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Parents' valuing diversity and White children's prosociality toward White and Black peers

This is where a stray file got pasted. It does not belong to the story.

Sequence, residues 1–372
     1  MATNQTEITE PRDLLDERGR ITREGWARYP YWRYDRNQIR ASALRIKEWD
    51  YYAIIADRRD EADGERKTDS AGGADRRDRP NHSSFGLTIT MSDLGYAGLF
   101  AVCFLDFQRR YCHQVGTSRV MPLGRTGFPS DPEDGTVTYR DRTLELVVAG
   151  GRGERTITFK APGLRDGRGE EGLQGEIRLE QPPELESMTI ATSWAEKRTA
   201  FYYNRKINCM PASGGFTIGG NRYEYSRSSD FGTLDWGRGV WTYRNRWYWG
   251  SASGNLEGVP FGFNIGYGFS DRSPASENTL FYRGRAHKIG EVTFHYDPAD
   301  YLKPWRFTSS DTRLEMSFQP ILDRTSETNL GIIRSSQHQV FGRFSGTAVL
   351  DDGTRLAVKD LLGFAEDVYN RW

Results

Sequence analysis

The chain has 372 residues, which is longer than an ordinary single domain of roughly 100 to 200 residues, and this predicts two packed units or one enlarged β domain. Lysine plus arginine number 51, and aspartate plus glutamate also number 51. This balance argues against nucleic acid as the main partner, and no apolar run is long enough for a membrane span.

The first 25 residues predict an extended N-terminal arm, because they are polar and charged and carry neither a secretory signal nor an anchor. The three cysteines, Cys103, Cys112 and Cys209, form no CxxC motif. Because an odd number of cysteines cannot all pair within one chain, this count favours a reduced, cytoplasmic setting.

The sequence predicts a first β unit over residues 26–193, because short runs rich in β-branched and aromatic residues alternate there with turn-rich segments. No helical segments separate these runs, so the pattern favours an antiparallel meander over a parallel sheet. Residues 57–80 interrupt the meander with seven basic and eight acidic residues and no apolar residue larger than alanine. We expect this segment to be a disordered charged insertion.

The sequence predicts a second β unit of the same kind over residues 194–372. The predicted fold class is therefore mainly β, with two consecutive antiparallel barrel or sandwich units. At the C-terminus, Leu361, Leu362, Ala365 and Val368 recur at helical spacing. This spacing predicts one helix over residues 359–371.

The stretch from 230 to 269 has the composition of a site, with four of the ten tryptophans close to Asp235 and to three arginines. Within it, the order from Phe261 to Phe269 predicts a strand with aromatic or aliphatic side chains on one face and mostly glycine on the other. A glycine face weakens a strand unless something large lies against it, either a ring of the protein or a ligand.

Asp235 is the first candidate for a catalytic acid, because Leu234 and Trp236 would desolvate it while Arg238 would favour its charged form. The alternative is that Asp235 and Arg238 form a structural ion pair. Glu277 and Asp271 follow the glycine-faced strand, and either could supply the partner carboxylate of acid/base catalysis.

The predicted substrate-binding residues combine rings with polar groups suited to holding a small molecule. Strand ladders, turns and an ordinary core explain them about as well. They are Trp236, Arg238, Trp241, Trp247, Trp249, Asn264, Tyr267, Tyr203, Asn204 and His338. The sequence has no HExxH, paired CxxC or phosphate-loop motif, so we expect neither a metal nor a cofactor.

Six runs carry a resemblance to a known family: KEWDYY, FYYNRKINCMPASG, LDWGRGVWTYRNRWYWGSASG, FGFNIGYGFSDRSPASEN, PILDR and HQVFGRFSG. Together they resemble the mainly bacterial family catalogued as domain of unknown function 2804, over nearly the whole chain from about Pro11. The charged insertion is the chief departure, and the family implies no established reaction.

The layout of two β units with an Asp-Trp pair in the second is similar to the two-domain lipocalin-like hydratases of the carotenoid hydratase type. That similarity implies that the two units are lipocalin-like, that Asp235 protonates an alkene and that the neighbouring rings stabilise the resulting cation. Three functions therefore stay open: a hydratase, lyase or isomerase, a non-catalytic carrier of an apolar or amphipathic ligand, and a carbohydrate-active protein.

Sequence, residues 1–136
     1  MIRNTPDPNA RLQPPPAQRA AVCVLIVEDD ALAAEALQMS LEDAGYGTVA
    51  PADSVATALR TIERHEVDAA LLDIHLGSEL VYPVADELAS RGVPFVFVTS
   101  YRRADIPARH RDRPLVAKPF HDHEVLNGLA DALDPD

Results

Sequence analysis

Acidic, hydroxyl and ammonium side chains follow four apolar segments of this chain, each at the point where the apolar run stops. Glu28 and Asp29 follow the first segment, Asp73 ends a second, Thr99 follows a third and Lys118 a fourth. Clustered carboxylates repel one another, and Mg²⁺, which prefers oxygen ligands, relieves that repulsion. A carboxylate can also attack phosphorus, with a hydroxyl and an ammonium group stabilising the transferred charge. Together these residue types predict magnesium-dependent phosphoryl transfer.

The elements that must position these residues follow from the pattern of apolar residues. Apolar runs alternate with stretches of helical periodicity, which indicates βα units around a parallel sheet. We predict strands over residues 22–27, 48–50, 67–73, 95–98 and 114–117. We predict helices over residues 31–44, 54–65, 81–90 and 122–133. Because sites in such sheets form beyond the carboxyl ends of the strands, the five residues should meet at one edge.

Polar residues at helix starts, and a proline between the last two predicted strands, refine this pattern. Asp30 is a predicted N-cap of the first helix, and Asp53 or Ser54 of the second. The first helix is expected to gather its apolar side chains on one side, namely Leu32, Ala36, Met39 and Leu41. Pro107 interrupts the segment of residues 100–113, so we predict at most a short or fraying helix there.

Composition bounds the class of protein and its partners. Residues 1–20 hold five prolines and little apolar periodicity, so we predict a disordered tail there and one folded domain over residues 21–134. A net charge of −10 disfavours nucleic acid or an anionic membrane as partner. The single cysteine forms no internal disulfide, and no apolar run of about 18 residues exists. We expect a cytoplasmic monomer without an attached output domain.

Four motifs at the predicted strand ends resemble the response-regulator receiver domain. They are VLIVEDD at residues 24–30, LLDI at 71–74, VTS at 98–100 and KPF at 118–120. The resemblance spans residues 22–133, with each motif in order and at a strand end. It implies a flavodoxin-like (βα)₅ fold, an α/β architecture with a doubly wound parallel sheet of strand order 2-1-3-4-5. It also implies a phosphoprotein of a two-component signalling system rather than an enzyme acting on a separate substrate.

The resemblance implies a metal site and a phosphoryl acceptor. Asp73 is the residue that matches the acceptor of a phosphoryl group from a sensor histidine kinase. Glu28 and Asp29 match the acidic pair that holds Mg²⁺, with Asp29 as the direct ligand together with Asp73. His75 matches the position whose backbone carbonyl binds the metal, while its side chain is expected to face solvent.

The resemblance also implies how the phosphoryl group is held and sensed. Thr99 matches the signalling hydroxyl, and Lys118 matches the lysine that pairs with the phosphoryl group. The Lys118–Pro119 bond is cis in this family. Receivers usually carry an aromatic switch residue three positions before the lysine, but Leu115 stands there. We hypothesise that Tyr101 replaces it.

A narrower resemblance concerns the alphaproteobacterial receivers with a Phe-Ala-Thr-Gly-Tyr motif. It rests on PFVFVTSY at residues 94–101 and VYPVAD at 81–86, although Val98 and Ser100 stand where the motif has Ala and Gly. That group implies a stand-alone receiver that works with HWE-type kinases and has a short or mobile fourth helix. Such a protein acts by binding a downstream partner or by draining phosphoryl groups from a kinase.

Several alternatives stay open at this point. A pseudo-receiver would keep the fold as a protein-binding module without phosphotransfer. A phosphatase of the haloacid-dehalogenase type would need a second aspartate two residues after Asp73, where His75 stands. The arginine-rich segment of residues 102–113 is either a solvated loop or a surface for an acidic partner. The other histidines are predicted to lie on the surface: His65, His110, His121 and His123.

Although scholars are increasingly building empirical evidence that helps us understand racism, they have conducted surprisingly little research on White children's prosocial behavior toward historically marginalized people. 190 White, non-Hispanic children (M = 7.09 years, 54.2% boys) participated in the study. We examined whether both parents' reported values for racial diversity in their children's friendships and parents' and teachers' reports of children's cross-race friendships were related to children's sharing behaviors toward Black or White peers. We found that parents' valuing of diversity was positively related to older, but not younger, children's sharing behavior toward Black peers but not White peers. Further, for children of all age, parental diversity values were positively related to teachers' and parents' report of children's cross-race friendships. Our findings indicate that interventions to improve White children's positive behavior toward Black peers should include a focus on contexts that promote equity (i.e., parents' values and friendships).

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